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For most of history, human societies have been ruled by dictators of one sort or another. Despite repeated tides of democratization, over 40 percent of the countries in the world today and half its population are still ruled by non-democracies. The aim of this course is to provide a critical understanding of the dynamics of contemporary authoritarianism, the sources of its resilience, and its impact on global politics.
First, the course will examine the key differences between democracy and autocracy, and among different types of autocracies. The second part will investigate the means by which contemporary autocracies stay in power. In addition to traditional tactics like repression, clientelism and propaganda, we will explore how autocracies adopted economic, nationalist and populist appeals, and nominally democratic institutions like parties, legislatures and elections, to sustain their rule. This segment will also explore the societies ruled by dictatorships, as well as the forces behind the waves of democratization and authoritarian resurgence. It will look at popular opinion and mobilization in autocracies, the sources of resistance, and the dynamics of protests and rebellions that sometimes topple these regimes. The third part of the course will focus on the international behavior and impact of autocracies. Are autocracies more likely to initiate domestic and international conflicts? Can they effectively integrate in the global economic currents and develop their countries? Or are all forms of authoritarianism doomed to eventually result in underdevelopment, corruption and cronyism? Can Western democracies establish and maintain workable relationships with authoritarian regimes and contain their worst tendencies? This segment will examine the accumulated evidence on these issues and discuss the potential future of authoritarianism in global politics.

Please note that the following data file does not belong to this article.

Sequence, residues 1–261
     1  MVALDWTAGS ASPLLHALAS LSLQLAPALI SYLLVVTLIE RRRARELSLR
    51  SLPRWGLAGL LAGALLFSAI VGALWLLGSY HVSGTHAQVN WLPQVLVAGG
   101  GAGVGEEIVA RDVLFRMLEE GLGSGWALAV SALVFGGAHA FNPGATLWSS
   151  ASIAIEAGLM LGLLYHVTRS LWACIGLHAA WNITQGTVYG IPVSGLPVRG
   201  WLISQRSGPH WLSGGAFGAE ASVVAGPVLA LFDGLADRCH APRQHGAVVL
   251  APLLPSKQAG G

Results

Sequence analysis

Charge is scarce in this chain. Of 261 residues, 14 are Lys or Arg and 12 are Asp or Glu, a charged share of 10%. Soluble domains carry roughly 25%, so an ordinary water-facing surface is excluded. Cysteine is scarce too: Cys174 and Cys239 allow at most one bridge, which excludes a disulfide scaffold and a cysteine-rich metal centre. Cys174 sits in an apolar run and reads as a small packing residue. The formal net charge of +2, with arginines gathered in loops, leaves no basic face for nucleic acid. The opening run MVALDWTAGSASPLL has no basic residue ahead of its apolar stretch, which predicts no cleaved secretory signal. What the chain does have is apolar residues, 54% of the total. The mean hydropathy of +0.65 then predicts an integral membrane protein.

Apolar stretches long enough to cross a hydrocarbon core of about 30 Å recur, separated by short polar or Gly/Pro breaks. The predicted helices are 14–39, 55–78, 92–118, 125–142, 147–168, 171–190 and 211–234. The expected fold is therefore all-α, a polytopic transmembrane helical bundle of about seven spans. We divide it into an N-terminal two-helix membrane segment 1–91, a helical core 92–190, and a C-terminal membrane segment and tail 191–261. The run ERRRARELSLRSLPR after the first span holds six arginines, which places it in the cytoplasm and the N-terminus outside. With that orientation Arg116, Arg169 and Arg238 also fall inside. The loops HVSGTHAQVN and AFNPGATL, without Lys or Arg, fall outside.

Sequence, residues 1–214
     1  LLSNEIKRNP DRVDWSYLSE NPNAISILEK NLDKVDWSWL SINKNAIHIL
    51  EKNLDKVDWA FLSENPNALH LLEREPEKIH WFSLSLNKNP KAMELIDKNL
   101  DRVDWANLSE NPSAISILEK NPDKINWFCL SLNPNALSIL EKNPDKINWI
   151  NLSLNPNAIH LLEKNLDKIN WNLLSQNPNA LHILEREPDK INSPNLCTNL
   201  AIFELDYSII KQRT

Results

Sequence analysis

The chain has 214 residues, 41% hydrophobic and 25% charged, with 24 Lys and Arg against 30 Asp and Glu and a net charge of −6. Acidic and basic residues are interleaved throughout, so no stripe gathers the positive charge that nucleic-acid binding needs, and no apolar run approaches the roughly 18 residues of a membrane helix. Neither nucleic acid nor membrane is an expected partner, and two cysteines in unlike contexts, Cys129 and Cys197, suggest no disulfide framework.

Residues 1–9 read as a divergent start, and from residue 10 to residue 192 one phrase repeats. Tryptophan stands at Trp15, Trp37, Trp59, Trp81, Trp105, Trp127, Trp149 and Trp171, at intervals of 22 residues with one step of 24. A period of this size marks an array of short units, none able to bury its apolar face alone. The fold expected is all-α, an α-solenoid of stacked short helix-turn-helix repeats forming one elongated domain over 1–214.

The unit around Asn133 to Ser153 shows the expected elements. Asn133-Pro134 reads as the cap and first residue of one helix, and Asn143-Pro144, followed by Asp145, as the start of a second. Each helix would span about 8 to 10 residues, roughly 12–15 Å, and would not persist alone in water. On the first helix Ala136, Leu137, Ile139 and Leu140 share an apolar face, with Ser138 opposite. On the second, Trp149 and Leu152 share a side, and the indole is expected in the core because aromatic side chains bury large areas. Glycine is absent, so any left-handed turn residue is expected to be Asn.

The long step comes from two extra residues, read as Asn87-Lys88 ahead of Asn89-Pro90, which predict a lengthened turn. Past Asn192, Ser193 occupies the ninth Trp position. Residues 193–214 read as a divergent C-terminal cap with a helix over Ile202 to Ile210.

Grading: yes pass/fail option,
yes fifth course option
mid-term exam, term paper, class participation
Political Science majors